When I get anxious I withdraw. Or maybe it’s simpler to say that only when I’m not anxious do I fully participate. There’s something small to be anxious about almost all the time. Something to be processing, holding, understanding, or accomplishing, and a need to do it “right.”
This last year has been an anxious one for me, and so one of near constant withdrawal – even as the loneliness and isolation has become a part of the problem. I have gotten a lot of things “right” this year in terms of my priorities – my kids and my marriage are pretty solid. We are happy in our day to day interactions. But something’s been missing for me, and I’ve been reflecting recently that I think it comes from too much separation. I’ve been holding back so as not to be overwhelmed, but held back so much that I’ve let go of some of the things that make life full and joyful.
I recently came across this quote from Heaven and Hell and it stood out to me:
“I have been allowed to talk with some people in the other life who had distanced themselves from the affairs of the world in order to live in devotions and sanctity, and also with some who had mortified themselves in various ways because they thought this was renouncing the world and taming the desires of the flesh. However, most of them had wound up with a gloomy kind of life from this and had distanced themselves from that life of active thoughtfulness that can be led only in the world, so they could not associate with angels. The life of angels is cheerful and blessed. It consists of worthwhile activities that are deeds of thoughtfulness….
[T]he life that leads to heaven is not one of withdrawal from the world but a life in the world, and that a life of piety apart from a life of thoughtfulness (which is possible only in the world) does not lead to heaven at all. Rather, it is a life of thoughtfulness, a life of behaving honestly and fairly in every duty, every affair, every task, from our deeper nature and therefore from a heavenly source. The source of this life is within us when we act honestly and fairly because doing so is in accord with divine laws. This life is not hard, but a life of piety apart from a life of thoughtfulness is hard. Still, this latter life leads away from heaven as surely as people believe it leads to heaven.” (535)
In a lot of ways I think this quiet year has been what I needed. I was able to meet my kids’ needs, and able to navigate the year of sleepless nights that goes with having an infant, without compromising being a (frequently) cheerful mom and wife. But I have been too much in my own thoughtfulness. Too much in my own head and not clear enough about how to be thoughtful about other people. I was feeling it already, but this passage helped me see that too much withdrawal, too much inward focused thoughtfulness is not leading me towards heaven. And it does feel hard.
As much as I have kept from being completely overwhelmed, I have not avoided anxiety and I have created new places for the anxiety to creep in as I have fewer active connections drawing me towards other people. There hasn’t been too much going on, too many cares coming in, but neither has there been excitement or inspiration.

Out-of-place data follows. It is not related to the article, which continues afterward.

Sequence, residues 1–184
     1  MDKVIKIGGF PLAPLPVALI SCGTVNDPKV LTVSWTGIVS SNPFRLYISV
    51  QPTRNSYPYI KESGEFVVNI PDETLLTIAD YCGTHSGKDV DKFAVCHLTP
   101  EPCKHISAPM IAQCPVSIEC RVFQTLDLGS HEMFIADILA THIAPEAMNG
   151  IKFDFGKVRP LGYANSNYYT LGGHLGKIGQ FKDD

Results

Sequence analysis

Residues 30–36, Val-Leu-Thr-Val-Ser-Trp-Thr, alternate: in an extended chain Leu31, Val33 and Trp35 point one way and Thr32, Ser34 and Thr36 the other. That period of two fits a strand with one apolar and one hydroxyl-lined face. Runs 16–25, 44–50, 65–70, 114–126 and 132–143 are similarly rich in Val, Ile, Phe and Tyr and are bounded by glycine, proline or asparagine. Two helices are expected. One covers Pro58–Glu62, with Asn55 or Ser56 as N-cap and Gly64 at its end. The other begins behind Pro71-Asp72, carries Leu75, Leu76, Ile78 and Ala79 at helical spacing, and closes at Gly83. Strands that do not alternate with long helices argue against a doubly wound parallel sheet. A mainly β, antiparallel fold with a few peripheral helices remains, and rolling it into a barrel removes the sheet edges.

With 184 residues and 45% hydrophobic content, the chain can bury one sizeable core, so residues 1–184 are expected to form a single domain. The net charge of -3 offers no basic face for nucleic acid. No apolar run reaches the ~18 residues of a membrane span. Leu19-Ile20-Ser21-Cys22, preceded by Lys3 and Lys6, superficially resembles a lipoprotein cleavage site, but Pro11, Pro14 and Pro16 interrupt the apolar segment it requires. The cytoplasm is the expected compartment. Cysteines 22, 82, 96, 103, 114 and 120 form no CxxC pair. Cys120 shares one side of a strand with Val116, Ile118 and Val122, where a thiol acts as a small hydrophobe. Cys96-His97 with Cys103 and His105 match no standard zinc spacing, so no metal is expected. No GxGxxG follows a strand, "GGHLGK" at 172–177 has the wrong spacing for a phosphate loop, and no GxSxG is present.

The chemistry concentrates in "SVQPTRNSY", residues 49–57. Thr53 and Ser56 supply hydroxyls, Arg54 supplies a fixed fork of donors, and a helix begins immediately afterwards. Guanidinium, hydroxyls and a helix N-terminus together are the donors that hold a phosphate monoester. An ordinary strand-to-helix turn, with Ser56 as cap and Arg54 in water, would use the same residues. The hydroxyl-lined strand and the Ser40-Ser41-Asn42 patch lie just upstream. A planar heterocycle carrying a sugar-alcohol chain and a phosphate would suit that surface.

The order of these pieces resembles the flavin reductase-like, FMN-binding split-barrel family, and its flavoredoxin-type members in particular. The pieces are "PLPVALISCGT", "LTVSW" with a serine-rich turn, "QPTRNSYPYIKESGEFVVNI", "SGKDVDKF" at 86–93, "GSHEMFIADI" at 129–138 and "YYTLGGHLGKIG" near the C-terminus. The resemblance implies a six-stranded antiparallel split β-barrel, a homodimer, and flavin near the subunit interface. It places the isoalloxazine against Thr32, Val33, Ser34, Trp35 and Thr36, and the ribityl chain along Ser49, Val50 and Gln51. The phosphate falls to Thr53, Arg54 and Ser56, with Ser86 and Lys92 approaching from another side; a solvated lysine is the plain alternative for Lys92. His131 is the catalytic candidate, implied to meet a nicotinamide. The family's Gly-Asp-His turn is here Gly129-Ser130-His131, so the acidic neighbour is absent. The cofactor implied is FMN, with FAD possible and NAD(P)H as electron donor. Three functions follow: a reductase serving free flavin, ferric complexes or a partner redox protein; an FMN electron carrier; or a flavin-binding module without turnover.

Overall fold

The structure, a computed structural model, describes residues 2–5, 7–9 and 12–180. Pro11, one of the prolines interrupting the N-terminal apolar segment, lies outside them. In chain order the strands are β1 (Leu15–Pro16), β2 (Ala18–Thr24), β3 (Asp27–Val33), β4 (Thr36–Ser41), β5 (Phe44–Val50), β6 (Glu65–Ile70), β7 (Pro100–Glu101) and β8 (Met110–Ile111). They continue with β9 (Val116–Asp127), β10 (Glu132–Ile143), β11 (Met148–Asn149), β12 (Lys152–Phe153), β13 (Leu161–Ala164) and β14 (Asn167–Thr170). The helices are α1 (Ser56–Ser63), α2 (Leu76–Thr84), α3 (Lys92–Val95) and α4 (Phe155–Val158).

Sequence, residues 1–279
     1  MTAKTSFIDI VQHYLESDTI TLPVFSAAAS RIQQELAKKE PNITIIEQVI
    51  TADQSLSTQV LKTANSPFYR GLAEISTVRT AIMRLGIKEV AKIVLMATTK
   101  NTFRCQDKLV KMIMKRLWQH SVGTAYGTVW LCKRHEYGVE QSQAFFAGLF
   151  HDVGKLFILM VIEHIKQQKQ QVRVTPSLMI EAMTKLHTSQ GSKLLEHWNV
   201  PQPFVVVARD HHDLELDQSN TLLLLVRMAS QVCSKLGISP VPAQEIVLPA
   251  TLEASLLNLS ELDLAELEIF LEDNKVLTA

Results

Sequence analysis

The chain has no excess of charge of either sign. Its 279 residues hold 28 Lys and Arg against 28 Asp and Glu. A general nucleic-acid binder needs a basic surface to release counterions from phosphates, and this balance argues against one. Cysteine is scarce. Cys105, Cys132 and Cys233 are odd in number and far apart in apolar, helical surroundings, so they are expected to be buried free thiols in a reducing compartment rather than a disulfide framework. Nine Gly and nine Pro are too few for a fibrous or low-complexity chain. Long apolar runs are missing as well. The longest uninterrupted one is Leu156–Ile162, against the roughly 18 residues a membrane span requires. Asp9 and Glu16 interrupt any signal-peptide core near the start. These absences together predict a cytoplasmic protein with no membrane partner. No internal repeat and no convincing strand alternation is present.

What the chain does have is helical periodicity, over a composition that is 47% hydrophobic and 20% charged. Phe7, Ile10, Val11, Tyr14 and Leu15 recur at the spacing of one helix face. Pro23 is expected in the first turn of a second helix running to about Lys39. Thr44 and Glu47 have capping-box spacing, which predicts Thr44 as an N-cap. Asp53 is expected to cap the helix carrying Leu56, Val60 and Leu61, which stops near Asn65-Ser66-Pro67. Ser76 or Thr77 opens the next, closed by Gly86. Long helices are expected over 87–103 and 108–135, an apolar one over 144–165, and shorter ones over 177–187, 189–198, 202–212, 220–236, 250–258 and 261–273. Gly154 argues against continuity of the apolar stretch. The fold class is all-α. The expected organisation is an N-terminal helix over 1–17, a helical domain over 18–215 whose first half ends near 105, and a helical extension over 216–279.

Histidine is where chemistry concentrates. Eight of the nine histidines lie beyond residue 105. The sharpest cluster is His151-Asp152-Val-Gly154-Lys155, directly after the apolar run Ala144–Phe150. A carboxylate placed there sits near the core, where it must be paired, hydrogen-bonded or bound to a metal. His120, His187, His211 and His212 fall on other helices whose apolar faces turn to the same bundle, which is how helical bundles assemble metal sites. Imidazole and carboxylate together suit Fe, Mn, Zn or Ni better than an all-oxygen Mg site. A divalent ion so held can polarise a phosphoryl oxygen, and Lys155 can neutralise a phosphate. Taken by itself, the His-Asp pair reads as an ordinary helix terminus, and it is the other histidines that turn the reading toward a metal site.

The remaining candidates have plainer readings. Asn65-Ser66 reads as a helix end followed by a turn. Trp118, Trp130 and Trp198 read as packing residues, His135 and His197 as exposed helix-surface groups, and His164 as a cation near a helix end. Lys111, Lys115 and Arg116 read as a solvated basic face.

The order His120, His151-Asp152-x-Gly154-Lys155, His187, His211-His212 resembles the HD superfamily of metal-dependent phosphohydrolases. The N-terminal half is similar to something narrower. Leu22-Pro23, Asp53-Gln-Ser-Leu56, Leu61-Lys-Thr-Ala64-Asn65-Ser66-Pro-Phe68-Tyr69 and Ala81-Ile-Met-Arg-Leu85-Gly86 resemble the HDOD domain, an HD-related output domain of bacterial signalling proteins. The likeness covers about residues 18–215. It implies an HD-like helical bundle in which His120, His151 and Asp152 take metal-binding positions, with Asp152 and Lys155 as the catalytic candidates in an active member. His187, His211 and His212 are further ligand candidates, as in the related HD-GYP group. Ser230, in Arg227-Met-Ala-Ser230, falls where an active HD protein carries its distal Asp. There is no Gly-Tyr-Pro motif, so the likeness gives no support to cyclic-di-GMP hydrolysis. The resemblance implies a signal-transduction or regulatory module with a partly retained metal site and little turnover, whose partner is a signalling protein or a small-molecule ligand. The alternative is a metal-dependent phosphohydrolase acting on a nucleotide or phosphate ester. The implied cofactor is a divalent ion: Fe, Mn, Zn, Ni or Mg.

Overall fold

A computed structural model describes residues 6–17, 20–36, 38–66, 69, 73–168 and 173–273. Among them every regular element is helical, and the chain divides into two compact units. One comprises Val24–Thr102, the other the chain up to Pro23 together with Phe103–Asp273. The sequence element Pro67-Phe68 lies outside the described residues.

In many ways I feel foiled in my efforts to build connections and find outlets for my energy in useful ways because of various life restrictions – my anxiety over finding just the right option not being the least. Life is messy and complicated, and for about the millionth time I’m working on getting myself to accept that and still show up and get involved, even if I don’t know what I’m doing or what I have to offer in the activities available given the various restrictions. And while I’m looking for the beauty, inspiration, and opportunity this teaching, about the fact that I don’t want a “gloomy kind of life” but rather one that is “cheerful and blessed”, has helped bring clarity about my “life in the world.”
7 thoughts on “A Life in the World”
What a beautiful, heartfelt article and quote. A topic also very close to my heart. I hear what you are saying. It sometimes feels necessary to close oneself away in order to focus on those closest to you (children & husband) in difficult times. But it doesn’t help us to feel happier. I have felt the same this year…
I thought about you while I was writing this – I think that it is probably true for a lot of moms at different points – especially when starting out in a new location.
Thank you for shining some light on a common issue that I had never thought to name or investigate. This resonates deeply.
I’m sorry your year has been tough, and lonely. I thought being a mom to young kids was often a lonely job. I hope your experiences and that quiet year will bear fruit. It seems like it has. I hope there are some good activities for you soon, some of those connections. Much love.
Thanks Ann! It is hard to remember sometimes what a difference having an infant makes in terms of getting out of the house and changing schedules. But as we move past the first year I’m rediscovering some freedom and flexibility, which makes a huge difference.
Knowing you from your years in Sarver, I appreciate your dedication to your role as wife and mother. I know now that that is the most important work I have done in my life. But, when I had four children at home, I started a “discussion group” with other women in my community who might otherwise feel isolated at home. I knew that it wasn’t the children that made us feel isolated, but the absence of adult conversation. Our discussion group continued for 15 years. Some of my dearest friends were found in that group.
Would that be possible in South Africa? Just a thought.
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